Ms. Graves has not sued Lubbock County but instead has asked them to reinstate her to her position. She is, however, asking for monetary relief of more than $1,000,000.
Ms. Graves is represented by attorney Kevin Glasheen of Glasheen, Valles & Inderman.
“Ms. Graves is a hero for exposing these California body snatchers who have taken over the Lubbock County Medical Examiner’s Office,” said attorney Kevin Glasheen. “Of course, they immediately fired her for doing so – and now we are going to make them pay.”
Reporter's Story: On Wednesday Graves, spoke at a press conference along with her attorney from Glasheen, Valles & Inderman about filing the lawsuit against the two doctors and NAAG Pathology Labs.
Graves said she was fired from her job at the Lubbock County Medical Examiner’s Office on January 17, 2019.
In the lawsuit, she claims it is because she reported suspicious and potentially illegal activity.
“We’re taught from a young age to always trust a doctor they know what they’re doing,” she said.
The lawsuit then listed a chain of events.
In August of 2018, the county replaced the Chief Medical Examiner with another pathologist, Dr. Sam Andrews from NAAG Pathology Labs.
Dr. Andrews had a Texas Medical License and was hired as a contract interim Medical Examiner.
Graves said the week NAAG took over in August, she started seeing changes. The company fired four employees, and one other employee quit.
Dr. Andrews and another pathologist from NAAG, Dr. Evan William Matshes, began implementing new child autopsy protocol.
Page four of the lawsuit, item 14 states, “Dr. Matshes gathered the staff to watch as he performed two autopsies on infants. The new protocol required the removal of the children’s brain, eyes, spinal cord, posterior neck, including vertebra, and the heart and lungs, which Dr. Matshes demonstrated on both children.”
Graves said the new protocol left her feeling emotional.
“I didn’t like a non-licensed physician cutting a body especially a baby. Those are hard enough autopsies to be a part of anyway. But then, when you see them take out things you’re not used to seeing, it like is a punch in the gut,” she said.
In October of 2018, NAAG Pathology Labs signed a contract with Lubbock County to provide medical examiner services on a more permanent basis.
The lawsuit, with Permian Basin ties, claims Dr. Matshes is not licensed to practice medicine in Texas.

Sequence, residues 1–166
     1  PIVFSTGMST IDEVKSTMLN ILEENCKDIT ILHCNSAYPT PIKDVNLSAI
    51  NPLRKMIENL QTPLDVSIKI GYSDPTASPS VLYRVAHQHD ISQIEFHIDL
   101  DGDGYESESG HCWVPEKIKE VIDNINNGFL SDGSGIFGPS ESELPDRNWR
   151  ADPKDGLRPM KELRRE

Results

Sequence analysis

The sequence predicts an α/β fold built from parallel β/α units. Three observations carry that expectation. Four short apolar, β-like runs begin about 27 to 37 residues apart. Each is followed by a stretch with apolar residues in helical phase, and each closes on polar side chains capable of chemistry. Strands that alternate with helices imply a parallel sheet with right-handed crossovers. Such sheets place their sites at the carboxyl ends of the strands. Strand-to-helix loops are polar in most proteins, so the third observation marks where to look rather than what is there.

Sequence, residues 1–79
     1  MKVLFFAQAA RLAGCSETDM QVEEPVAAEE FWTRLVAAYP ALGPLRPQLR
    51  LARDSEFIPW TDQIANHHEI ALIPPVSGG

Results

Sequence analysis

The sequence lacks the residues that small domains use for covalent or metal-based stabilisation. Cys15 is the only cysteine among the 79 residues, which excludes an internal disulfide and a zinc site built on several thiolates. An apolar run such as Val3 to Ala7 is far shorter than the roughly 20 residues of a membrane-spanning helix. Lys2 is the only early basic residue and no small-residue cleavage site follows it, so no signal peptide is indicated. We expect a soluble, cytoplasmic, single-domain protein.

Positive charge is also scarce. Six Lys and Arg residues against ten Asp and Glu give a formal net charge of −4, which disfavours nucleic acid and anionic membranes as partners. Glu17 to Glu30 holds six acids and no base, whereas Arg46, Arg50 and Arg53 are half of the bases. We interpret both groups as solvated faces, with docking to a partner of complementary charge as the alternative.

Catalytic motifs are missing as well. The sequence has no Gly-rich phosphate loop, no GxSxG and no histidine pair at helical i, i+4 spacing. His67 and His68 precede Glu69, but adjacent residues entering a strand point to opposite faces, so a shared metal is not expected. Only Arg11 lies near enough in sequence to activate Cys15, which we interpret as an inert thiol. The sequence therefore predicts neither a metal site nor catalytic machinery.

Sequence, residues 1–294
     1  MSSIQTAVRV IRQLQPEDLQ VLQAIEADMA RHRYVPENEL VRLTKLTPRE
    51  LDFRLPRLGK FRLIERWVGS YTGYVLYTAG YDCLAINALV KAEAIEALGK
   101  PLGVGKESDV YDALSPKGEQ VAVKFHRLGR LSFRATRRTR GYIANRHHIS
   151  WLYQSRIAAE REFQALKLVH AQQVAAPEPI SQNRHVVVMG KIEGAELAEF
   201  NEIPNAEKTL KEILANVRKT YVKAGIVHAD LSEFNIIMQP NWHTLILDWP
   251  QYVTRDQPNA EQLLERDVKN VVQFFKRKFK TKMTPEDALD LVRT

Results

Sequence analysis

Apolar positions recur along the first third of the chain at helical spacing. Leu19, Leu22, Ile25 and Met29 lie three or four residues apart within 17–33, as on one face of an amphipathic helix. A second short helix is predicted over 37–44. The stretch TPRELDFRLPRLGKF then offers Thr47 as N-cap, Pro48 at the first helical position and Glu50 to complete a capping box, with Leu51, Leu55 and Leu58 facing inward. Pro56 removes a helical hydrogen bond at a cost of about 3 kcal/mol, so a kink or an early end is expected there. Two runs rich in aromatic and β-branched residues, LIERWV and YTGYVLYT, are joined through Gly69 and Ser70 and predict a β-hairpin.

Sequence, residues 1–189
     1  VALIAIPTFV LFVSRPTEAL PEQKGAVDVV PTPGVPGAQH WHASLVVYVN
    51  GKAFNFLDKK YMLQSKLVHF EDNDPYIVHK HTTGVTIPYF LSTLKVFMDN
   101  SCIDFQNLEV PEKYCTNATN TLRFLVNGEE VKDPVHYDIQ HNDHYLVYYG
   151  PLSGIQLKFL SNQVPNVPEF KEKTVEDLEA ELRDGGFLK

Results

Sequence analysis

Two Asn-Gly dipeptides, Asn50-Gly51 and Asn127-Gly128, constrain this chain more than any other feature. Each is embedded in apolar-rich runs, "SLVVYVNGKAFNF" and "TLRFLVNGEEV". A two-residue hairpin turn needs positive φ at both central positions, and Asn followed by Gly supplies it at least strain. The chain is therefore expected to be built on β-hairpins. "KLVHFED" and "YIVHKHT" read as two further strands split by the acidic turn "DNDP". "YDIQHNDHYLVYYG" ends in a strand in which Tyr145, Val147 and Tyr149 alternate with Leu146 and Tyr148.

It goes on to state that Dr. Andrews watched Dr. Matshes perform autopsies and more tissue than normal was collected because it was needed for “personal research,” according to Page four, item 14 of the lawsuit.
“When you stop and think, well this is different. Well maybe they have reasons, they’re new, they’re from a different place we didn’t learn from them, maybe it's ok,” Graves said.
Graves said she took pictures and reached out to a doctor in Houston for input. The lawsuit states that Graves then deleted the pictures but they were released by someone to local media.
After another autopsy on a child who died from Meningitis, Graves claims she and her co-workers realized why more tissue than normal was being taken from the children’s bodies.
Page five, item 18 of the lawsuit states, “The staff eventually understood that Dr. Matshes was doing research to identify certain markers for child abuse but needed more studies of tissue from infant and children who had died natural deaths, to compare to the tissue from children who had died from abuse, and that was the purpose of the tissue harvesting.”
Graves explained how that realization made her feel.
“Then you start really feeling bad for the families, for the people that don’t really know what’s going on, for yourself, for your co-workers, because you’re there and you’re feeling dirty,” she said.
Graves said many employees quit after that. Graves then contacted law enforcement and a county commissioner. In January, Graves was fired.
As the press conference was winding down, Graves issued a message to the families of the children whose autopsies she witnessed.
“I’m sorry. I wish I had more power and more knowledge to have stopped it. I wish I would have thrown my job out the window to help your baby. That’s all,” she said.
Graves is seeking $1 million in damages and is requesting her job back with the Lubbock County Medical Examiner’s Office.
Graves added that she hopes the right thing is done quickly for all those involved. When asked what she would personally like to see happen, Graves said she hopes NAAG Pathology Labs leave the area, and Lubbock County offers counseling services for those in the medical examiner’s office affected by the autopsies.